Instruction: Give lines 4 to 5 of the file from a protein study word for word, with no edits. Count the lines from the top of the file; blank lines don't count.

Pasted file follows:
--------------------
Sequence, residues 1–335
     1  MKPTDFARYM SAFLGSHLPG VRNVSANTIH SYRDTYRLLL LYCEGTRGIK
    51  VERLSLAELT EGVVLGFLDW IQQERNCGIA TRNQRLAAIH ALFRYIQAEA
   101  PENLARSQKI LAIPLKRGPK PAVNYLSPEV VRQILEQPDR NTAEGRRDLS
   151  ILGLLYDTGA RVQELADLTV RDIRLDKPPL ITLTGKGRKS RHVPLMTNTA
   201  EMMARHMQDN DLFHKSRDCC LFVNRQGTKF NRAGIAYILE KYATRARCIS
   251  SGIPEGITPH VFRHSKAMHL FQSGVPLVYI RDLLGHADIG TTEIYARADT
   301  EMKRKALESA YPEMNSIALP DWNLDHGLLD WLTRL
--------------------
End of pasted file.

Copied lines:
   101  PENLARSQKI LAIPLKRGPK PAVNYLSPEV VRQILEQPDR NTAEGRRDLS
   151  ILGLLYDTGA RVQELADLTV RDIRLDKPPL ITLTGKGRKS RHVPLMTNTA